Traditionally, someone who wanted a lawyer had no choice but to consult with one, and pay a sizable retainer. Small cases were either refused as not worth the effort or over-billed by charging a full lawyer rate for paralegal or even secretarial time. This model is dying, as more people learn more about the law and more traditional clients start to request itemized billing. Bundled legal services emerged as an alternative: Rather than paying for a lawyer’s full services over the course of a case, clients could choose to buy only the legal products they thought they needed. RocketLawyer and Zoom Legal, both of which Verbeck Law is listed in, pioneered these services, and fought a long legal battle against the Bar in many states to make this sort of legal service available.
Nevertheless, there remains a place for a fully retained attorney; some cases are inescapably long and complicated, and some clients feel better having a lawyer they can call whenever a new problem arises, and a lawyer who will represent them every step of the way. Deciding between these two options can be confusing, and in this post I hope to illustrate the factors you should consider when making your choice. Verbeck Law offers a great number of exact-price legal documents, but we also accept conventional retainer cases, and so we can help you out whichever you choose.
Bundled Legal Services
Bundled legal services are legal documents, consultations, and other products that have a clear price tag attached. If you know you want a partnership agreement, and what a partnership agreement does, hire us to draft a good one. We talk to you and your partners, draft the document, revise if necessary, and when everyone’s happy with it, we all shake hands and go on our way. No big retainer, no unwanted and expensive advice on peripheral issues, no bill-padding, easy-peasy. This is ideal for the client comfortable with the legal field, who knows what document they need and wants to make sure it’s done right.
Bundled legal services also include consultations, in which you and your lawyer talk for an hour, or two, or four, about your case. Your lawyer will explain to you what’s happening with the case now, the importance of where it’s going, and what’s going to happen next. You can arrange for your attorney to review documents, and to recommend documents that you should file next. You can of course have us prepare recommended documents after a consultation, in which case we give you a break on the price, or you can just get some solid education and advice, and decide for yourself if you need any more help later. This is ideal for a client who’s been served with papers, isn’t very experienced with the legal system, but isn’t sure they need or can afford a full-time attorney.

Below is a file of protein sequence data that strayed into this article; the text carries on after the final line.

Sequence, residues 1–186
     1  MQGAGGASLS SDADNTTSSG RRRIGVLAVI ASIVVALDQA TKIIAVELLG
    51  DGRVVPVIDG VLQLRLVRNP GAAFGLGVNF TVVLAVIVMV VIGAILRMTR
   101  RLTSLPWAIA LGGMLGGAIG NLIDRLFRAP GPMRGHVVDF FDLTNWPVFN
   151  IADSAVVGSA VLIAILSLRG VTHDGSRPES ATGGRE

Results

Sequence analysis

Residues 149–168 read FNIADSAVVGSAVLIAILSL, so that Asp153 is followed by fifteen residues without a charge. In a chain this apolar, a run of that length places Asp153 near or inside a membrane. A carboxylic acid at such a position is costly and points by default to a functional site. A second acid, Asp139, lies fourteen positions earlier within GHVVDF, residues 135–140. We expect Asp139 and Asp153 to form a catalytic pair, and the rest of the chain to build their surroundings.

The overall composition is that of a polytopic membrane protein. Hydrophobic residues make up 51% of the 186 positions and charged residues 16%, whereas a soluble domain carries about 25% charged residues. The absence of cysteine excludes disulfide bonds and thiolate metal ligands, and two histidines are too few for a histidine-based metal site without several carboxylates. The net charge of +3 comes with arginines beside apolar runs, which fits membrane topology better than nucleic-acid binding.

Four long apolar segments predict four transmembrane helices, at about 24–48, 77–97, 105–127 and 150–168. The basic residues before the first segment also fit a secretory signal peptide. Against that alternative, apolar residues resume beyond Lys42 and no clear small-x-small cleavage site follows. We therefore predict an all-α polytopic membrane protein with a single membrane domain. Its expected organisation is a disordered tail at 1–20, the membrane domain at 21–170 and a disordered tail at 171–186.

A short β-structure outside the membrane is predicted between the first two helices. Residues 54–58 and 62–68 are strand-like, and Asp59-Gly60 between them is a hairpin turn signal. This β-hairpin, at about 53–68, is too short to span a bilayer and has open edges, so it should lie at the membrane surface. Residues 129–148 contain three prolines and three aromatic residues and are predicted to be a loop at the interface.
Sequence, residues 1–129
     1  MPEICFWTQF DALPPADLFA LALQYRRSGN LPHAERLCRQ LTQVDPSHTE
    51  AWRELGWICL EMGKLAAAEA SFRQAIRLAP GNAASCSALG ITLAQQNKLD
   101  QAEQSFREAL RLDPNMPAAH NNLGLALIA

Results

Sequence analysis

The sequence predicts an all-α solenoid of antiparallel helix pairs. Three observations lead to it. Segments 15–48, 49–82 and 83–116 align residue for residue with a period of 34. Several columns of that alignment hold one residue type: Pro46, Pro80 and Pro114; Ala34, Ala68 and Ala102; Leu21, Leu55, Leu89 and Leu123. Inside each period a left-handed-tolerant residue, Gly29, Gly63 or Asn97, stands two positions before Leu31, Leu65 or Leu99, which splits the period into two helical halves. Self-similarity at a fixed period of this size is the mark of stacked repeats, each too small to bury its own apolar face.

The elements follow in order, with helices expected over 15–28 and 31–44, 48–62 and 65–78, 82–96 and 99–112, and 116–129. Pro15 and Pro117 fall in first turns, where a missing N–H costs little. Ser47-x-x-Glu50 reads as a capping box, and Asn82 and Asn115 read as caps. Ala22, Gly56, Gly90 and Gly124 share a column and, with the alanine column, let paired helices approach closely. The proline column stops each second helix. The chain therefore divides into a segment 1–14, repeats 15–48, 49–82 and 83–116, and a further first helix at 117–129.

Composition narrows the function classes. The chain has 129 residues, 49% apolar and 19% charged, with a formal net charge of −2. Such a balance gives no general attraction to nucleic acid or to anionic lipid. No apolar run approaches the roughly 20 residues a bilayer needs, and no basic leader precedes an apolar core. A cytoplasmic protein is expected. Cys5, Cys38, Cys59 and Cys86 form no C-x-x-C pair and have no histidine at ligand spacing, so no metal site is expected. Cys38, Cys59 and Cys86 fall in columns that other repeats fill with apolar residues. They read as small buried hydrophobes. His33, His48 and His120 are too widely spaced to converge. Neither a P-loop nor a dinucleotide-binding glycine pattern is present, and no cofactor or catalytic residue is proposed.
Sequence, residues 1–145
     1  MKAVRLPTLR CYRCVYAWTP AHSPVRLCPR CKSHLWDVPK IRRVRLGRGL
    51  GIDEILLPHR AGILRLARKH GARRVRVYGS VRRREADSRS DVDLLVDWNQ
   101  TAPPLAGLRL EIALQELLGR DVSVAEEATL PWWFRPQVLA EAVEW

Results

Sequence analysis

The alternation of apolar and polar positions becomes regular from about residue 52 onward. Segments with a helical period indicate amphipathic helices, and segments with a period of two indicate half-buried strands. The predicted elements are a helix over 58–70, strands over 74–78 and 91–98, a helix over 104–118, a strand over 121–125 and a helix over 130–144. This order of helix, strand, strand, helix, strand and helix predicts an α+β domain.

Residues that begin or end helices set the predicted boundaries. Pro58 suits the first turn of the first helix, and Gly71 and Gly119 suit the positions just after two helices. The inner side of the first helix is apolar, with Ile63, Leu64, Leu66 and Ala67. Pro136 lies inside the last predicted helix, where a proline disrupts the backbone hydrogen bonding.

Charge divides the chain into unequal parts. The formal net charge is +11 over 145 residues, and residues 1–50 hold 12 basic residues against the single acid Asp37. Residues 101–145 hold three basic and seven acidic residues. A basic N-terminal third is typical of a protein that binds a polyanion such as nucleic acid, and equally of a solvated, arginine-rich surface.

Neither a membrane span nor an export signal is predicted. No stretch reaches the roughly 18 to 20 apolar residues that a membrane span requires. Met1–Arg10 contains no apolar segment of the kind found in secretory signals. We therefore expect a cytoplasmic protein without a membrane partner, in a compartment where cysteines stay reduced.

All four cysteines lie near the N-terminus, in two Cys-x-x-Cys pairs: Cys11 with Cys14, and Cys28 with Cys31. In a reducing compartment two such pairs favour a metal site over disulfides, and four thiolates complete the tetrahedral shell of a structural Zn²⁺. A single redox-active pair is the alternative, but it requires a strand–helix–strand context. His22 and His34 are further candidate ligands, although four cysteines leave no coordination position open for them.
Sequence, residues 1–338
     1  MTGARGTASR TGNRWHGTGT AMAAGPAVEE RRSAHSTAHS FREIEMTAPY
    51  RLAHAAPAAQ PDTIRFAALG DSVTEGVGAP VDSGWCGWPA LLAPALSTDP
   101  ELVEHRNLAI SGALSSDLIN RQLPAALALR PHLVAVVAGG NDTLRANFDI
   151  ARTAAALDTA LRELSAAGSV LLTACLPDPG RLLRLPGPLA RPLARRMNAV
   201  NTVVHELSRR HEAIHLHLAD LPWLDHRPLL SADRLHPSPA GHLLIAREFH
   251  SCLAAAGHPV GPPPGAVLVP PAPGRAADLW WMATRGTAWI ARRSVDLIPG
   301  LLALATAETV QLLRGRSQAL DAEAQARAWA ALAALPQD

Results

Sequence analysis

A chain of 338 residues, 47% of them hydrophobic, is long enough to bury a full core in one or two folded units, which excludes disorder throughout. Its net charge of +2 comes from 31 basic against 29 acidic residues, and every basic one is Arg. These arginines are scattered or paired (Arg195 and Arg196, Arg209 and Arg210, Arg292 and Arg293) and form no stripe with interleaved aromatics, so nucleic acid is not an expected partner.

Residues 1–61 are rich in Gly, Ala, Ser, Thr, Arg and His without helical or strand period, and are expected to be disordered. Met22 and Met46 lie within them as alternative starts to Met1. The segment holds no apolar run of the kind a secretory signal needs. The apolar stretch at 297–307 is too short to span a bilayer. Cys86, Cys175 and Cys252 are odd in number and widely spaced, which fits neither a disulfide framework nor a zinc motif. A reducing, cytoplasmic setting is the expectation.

Full Retainer Cases
Some cases effectively require a full-time attorney, which means an attorney paid at an agreed-upon hourly rate. Our pages on fully retained attorneys lay out how this works, but basically, you should consider a fully retained attorney if your case is very complicated, involves multiple types of law, or if the idea of going to court or dealing with an opposing lawyer scares the pants off you. A fully retained attorney represents you at everything, prepares all the motions your case needs, and engages expert witnesses if your case can benefit from one. We also pride ourselves on having attorneys comfortable in multiple fields, so you can use an attorney you trust for mixed-law cases.
If you have a divorce case with children, significant amounts of property, or allegations of abuse or domestic violence, you should strongly consider a fully retained attorney, if you can afford it. Custody fights are often particularly bitter, and cases with criminal allegations require an attorney comfortable in both family law and criminal law. If you have complicated forms of property, like real estate or equity accounts, you should fully retain an attorney, both because those cases are complicated and because a good attorney can save you more than his or her price by getting you a better settlement.
Finally, if you’re terrified of court, or if you’re scared of your former partner or their attorney, you should consider a full-time attorney. A full-time attorney can stand between you and the court, or an unfriendly lawyer, or an intimidating or vindictive partner. Having representation whenever you need it will make the legal system much easier and calmer to handle, and the wide experience of our attorneys in family, criminal, and mental health law means we are not intimidated.
However, if you’re comfortable with the idea of going to court yourself, and just want a little expert direction or a crucial document done right, check out our price menu, or email us about your situation and we'll give you a quote.